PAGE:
Nature, grass hills, beautiful landscape

Symbolize intuitiveness and beauty

Nothing is more intuitive and beautiful than the nature itself. We believe that people should use and feel web applications that way, the natural way, or as close as it could be. As more natural they feel, as more accepted and successful they would be, just like a real product from the nature: pure, unspoiled, simple.

Bright sky with pretty little clouds passing

Symbolize brightness, beautiful feelings

The bright sky reflects harmony, brightness and goodwill about the job we do, our excitement and passion, our commitment and feelings. We always have in mind that sky is the limit of what Invoicebus could be and we strive to that "limit".The clouds are all ups and downs that we face up during the development process; some of they are small, some of they are big, but after all it is still a shiny day, isn’t it?

City

Symbolize everyday living and working
Our mockup for the city and its final version.

Industries, jobs, busy lifestyle, our reality. Are the bus coming from the city or towards it? The answer is both. City represents economic center where everyone can succeed and realize his ideas with endless opportunities. It’s the magicial place where all your dreams can come true.

We don’t want to spoil the anticipation, so the other symbolism that hides behind this concept, will be left on your imagination ;).
This site will exist until the final marketing site take its place, which means until Invoicebus arrives.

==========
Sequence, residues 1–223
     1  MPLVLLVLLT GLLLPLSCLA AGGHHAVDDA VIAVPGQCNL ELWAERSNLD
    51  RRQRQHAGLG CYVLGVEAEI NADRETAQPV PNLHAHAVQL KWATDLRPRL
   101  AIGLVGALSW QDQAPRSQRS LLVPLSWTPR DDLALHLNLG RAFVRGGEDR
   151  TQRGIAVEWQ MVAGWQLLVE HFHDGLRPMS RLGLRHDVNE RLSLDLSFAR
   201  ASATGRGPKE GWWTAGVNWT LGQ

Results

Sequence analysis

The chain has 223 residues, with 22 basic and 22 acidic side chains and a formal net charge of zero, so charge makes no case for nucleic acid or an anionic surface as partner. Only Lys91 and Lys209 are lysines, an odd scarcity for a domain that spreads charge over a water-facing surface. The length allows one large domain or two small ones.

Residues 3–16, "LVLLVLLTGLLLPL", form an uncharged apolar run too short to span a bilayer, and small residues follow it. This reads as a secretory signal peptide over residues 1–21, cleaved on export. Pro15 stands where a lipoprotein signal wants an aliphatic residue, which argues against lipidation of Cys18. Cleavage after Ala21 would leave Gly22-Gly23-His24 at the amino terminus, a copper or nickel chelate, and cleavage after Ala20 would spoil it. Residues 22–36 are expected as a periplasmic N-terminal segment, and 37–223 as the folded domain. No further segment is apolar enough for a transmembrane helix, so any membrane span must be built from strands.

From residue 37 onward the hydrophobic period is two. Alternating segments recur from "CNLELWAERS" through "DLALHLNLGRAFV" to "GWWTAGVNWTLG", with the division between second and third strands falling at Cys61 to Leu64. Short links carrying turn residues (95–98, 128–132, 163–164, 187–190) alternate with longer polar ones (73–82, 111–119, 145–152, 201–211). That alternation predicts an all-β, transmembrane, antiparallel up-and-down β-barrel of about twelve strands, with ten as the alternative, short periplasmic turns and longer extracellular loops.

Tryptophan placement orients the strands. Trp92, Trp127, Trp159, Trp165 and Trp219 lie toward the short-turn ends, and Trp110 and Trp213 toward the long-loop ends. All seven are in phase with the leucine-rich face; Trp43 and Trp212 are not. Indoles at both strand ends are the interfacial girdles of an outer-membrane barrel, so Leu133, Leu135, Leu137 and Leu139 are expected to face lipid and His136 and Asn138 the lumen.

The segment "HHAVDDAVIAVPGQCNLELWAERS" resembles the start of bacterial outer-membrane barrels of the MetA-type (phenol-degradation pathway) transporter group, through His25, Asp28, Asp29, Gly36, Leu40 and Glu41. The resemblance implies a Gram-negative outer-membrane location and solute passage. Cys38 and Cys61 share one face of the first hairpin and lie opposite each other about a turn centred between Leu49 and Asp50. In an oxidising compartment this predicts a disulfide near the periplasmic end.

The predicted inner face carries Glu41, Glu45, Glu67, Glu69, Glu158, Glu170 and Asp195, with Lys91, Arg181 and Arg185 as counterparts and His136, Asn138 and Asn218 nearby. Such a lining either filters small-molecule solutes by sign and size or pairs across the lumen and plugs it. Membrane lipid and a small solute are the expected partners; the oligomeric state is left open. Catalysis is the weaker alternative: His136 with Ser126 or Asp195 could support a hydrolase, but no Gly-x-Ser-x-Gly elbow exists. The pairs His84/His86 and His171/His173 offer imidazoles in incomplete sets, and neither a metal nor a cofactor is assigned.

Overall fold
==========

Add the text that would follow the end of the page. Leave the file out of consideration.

Logo Design Recipe

Our logo represents a simple visualisation of the vision that our product delivers, so everytime we look at it, it shouts the character of our product, loud and clear: “Invoicebus is intuitive, fast and simple!”

Workflow:

  • 1. Sketch a few logo candidates onto paper;
  • 2. Choose colors and fonts for the letters;
  • 3. Write the tagline;
  • 4. Create vector version of the logo in Adobe Illustrator CS5;
  • 5. Ta-da!

1. Sketch a few logo candidates onto paper

We wanted simple elegant logo, easy memorable and recognizable, just enough to associate with speed, elegance, invoice and bus. We had in mind that should be scalable on different sizes too. Ready, Steady, Go! We picked a blank paper sheet, a few wooden color pencils, a rubber, and started drawing. After we had sketched 3-4 mockups onto paper (right photo), we organized symbolic voting, within our office, for each candidate. The first one showed up as a winner which after a couple of modifications evolved to the one below.